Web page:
SINGAPORE (Reuters) - Brent crude steadied near $106 per barrel on Monday as investors remained on the sidelines a day ahead of U.S. presidential elections, fretting about the economic policies of the candidates and their possible impact on the world's biggest oil consumer.
President Barack Obama and Republican challenger Mitt Romney are locked in a close race, as global markets worry about U.S. budget uncertainty, with looming spending cuts and tax hikes threatening to push the economy back into recession.
The uncertainty comes at a time when crude markets are already weighed down by worries of weak demand, especially in key consumers such as Japan, China and the euro zone, with a ramp-up in production by Saudi Arabia adding to pressure.
"Broadly speaking, we've seen a process over recent weeks now where the oil market is adjusting for the fact that there's plenty of supply around for current demand levels," said CMC markets analyst Ric Spooner.
He added that a key concern over the U.S. election was the possibility of a narrow Obama victory combined with a convincing Republican win in Congress. "(That) would make negotiations over fixing the fiscal cliff (difficult)," he said.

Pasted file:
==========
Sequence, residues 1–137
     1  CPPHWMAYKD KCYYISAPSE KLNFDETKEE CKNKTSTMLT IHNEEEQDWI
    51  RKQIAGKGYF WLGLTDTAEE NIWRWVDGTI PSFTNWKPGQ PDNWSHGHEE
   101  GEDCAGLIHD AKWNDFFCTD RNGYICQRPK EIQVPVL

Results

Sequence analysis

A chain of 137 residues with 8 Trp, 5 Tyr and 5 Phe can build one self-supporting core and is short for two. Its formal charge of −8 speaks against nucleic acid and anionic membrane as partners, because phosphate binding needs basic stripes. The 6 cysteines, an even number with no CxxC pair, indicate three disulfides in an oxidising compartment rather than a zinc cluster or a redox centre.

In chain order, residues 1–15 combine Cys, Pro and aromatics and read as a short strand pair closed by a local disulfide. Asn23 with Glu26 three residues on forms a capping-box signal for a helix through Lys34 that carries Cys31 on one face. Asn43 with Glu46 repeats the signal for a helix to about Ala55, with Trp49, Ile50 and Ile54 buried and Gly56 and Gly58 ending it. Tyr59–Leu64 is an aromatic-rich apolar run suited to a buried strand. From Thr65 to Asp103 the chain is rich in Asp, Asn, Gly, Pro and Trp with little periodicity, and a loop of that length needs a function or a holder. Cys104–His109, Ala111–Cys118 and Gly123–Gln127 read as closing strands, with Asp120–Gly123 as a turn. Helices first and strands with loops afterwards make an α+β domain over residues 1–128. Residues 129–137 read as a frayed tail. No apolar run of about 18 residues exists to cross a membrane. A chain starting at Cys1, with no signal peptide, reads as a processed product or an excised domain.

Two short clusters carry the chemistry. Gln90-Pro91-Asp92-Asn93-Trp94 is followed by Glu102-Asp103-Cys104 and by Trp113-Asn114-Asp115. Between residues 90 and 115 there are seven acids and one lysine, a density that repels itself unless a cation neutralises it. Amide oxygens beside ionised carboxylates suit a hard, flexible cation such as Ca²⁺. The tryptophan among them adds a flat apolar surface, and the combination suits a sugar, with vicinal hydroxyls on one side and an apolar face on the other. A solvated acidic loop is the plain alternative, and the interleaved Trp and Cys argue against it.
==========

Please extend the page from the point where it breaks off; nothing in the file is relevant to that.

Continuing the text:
Front-month Brent futures rose 14 cents to $105.82 per barrel at 0248 GMT, while U.S. crude climbed 14 cents to $85 per barrel.
Crude prices fell more than 2 percent on Friday after the U.S. government allowed foreign tankers to bring fuel to the East Coast from other U.S. ports to tide over shortages caused by superstorm Sandy.
Although investors were preoccupied by demand worries from weak global economic activity and the outcome of a weekend meeting of G20 finance chiefs, the presidential elections on Tuesday remained in focus.
The outcome of Congress talks over the ‘fiscal cliff' - a package of tax increases and spending cuts that will take effect in January if there is no long-term pact to cut the budget deficit - is already a major uncertainty for markets.
Last year's bitter partisan fight in Congress over raising the debt ceiling, the legal amount the U.S. Treasury is allowed to borrow, resulted in the U.S. losing its coveted top-tier triple-A rating from Standard & Poor's.
That could push the world's biggest economy into a deep recession and cut energy demand far more than expected.
Adding to concerns, two days after the U.S. elections, China's ruling Communist party will being its once-in-a-decade power shift -- an unprecedented occasion of power changes in the world's top two economies.
Demand worries persisted, despite data last week that pointed to a sustained improvement Asia, as analysts remained unconvinced about a recovery in U.S. and China, which are essential for a global turnaround.
Manufacturing in the euro zone shrunk for a 15 straight month, increasing their doubts about a global recovery. France, Spain and Italy and Spain saw a continuing trend of sharp decreases in fuel use, but Germany and Britain saw growth, statistics showed last week.